In the video, which sparked anger among Cambodians on Sunday after it was posted to social media, a man claiming to be from China’s Chongqing city stands in front of around 20 shirtless comrades sporting tattoos and warns the camera that they have the ability to destabilize the region.

In a statement issued after the video was posted, China’s embassy in Cambodia said Chinese authorities would cooperate with Cambodian police to investigate what it suggested was a gang matter.

Speaking to RFA’s Khmer Service on Monday, Cheap Sotheary warned that authorities must act to prevent Chinese nationals from abusing the law in Cambodia, adding that the video was causing local residents and investors to fear for their safety.

If things remain as they are and we permit them to do anything they want, they will further disrespect our country and our loose law enforcement, she said.

Attempts to reach National Police General Commissariat Chhay Kimkhoeun went unanswered during business hours on Monday, but Sihanoukville provincial governor Yun Min told RFA over the weekend that all nationalities have good and bad people.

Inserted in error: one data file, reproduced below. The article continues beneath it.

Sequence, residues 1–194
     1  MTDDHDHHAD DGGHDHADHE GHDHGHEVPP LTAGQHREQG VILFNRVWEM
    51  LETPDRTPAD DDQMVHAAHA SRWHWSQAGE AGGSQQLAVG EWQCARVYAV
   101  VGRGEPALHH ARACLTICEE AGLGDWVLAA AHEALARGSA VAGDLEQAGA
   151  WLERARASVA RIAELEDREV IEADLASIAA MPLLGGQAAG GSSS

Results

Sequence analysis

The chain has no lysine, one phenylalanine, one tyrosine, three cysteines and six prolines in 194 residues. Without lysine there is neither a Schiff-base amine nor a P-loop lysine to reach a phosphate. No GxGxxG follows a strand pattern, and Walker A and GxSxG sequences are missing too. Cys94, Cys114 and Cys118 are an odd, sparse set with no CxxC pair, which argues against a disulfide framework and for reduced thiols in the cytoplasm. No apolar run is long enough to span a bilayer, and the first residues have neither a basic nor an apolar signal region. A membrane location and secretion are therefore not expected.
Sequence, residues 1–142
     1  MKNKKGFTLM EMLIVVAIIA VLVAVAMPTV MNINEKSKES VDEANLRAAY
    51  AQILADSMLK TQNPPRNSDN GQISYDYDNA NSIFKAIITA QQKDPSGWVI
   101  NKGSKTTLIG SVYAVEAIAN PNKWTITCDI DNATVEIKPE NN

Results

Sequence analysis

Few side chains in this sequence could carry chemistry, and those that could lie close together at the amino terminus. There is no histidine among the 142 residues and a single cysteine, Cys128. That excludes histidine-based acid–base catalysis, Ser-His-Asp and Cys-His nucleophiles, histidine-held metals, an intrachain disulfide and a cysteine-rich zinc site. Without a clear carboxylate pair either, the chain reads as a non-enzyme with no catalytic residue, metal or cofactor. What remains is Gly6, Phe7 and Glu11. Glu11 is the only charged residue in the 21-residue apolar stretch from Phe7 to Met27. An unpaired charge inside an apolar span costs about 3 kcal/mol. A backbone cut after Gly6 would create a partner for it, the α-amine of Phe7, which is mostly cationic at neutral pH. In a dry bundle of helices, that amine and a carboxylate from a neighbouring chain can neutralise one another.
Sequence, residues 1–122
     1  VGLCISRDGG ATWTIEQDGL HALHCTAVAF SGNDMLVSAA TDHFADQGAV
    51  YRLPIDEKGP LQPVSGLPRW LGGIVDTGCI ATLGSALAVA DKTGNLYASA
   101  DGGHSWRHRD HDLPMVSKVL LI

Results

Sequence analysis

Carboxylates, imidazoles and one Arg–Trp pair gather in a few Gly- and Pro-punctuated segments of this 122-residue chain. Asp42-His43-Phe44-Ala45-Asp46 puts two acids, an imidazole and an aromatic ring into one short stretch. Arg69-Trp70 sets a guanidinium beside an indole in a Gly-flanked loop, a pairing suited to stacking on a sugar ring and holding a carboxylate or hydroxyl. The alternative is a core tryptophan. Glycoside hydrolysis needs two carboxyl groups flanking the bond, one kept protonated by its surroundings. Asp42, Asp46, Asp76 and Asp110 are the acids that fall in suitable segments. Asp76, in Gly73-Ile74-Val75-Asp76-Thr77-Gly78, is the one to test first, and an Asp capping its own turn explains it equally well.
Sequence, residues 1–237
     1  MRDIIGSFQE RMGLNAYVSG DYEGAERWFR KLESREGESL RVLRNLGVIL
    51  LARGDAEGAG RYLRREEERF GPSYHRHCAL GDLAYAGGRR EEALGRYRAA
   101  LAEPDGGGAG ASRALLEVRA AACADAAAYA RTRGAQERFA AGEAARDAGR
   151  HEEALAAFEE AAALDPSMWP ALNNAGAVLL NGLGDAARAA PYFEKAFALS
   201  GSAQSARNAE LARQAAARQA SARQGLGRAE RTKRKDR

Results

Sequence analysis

There are always both good and bad people coming to our country, so there is nothing we can do besides strengthening our law enforcement, he said.

Criminal activity

Last week, Cambodia’s government sought to downplay public criticism of Chinese investment in the wake of a recently released police report which found that Chinese citizens were the top perpetrators of crime committed by foreign nationals in the country in the first quarter of 2019.

The report came amid a string of high-profile arrests of Chinese nationals, including 163 people netted during a March police raid on a Siem Reap-based illegal online gambling ring, two people who shot a driver to death during a brazen daylight carjacking in Sihanoukville on Monday, and 28 people nabbed a day later in a bust of an online extortion scam operating out of Phnom Penh.

In September last year, outgoing Chinese ambassador to Cambodia Xiong Bo acknowledged the climbing rates of crime among Chinese living in Cambodia�including drug and sex trafficking and online or telephone scams�and thanked Cambodian authorities for helping to crack down, according to a Sept. 28 report in the Khmer Times.

A month later, a taskforce established by the Ministry of Interior to assist police in Sihanoukville province reported that Chinese criminal organizations had followed Chinese investment into the country and set up local operations.